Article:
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Schwarzschild Radius

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Posted by nåte/">nåte on December 7, 1998 02:25:03 UTC

How could a stellar mass blackhole or supernova type black hole ever reach the critical mass of creating a schwarzschild radii? (or event horizon)

As it is collapsing upon itself, time is exponentially 'speeding' up; from the outside reference point of view.

It seems to me that it would approach infinitely close to this radius from an outside observation, but from the reference within the T/S of the blackhole it would reach it no problem.

However, this brings about a problem. When we approach to curve space infinitely, we also approach to curve time infinitely. Therefore, how can we have both take place in our expanding/contracting (you pick) universe.

There cannot be two beasts living in the same cage.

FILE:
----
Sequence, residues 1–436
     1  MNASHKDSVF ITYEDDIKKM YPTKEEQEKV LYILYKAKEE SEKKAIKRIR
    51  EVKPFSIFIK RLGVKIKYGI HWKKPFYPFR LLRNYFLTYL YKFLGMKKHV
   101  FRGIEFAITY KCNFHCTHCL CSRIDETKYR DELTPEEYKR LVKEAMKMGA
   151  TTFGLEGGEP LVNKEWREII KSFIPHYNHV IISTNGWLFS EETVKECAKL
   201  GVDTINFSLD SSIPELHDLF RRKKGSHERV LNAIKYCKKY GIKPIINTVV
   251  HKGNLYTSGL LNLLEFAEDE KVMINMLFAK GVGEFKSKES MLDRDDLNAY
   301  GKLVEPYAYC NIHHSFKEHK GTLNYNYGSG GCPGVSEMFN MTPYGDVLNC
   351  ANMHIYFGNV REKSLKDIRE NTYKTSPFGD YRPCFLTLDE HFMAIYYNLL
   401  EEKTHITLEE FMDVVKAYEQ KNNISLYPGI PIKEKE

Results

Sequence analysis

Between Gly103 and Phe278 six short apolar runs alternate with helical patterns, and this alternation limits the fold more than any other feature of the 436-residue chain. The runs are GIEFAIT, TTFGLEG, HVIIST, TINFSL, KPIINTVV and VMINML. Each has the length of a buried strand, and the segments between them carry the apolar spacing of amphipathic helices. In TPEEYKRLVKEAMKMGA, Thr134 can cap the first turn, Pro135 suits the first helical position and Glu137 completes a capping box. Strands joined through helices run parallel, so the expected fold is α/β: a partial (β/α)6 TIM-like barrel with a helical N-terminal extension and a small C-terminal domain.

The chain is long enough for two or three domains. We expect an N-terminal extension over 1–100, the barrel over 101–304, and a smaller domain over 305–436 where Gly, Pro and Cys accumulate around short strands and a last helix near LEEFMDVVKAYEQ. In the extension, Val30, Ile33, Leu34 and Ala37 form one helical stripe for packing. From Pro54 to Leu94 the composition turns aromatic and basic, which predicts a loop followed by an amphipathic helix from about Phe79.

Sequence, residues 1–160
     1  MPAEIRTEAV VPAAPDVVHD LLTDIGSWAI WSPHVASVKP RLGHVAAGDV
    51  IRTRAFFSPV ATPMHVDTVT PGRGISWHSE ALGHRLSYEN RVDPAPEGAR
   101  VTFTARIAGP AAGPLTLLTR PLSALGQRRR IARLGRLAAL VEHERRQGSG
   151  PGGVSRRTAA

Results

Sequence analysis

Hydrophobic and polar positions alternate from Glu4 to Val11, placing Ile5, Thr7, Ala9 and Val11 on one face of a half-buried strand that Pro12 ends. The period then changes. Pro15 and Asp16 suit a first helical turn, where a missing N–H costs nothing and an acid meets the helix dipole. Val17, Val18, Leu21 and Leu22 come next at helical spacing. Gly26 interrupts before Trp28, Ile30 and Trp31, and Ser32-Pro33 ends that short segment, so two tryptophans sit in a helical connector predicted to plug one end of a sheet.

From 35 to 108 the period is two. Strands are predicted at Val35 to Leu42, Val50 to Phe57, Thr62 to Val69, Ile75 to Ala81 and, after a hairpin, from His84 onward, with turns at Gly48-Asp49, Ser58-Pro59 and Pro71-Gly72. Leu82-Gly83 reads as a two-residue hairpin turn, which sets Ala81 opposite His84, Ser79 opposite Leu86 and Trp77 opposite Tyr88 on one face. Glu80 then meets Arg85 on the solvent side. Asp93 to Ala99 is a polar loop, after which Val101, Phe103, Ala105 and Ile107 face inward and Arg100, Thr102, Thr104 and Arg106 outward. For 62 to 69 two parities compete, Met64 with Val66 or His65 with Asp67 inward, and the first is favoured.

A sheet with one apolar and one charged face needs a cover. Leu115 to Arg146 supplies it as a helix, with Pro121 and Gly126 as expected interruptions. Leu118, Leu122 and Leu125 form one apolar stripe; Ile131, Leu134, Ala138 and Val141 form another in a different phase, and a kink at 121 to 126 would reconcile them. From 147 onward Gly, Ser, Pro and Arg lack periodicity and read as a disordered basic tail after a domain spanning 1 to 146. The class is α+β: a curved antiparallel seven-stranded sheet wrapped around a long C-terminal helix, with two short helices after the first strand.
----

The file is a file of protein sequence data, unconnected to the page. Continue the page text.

can there?

The only way I can accept the theory of a 'blackhole' would be to assume that they merely approach infinitism. But because they do approach infinity, the light emitted is infinitely dim and doppler shifted.

I cannot accept that blackholes pull outside matter beyond their event horizon. This would be impossible within our finite universe.

comments?

(And I realize that from the blackholes reference frame it would have no problem collapsing to this radius, and pulling in matter... But that is exactly what defines a blackhole. A true "blackhole" would be only truely defined as such in its own immediate surrounding S/T.)

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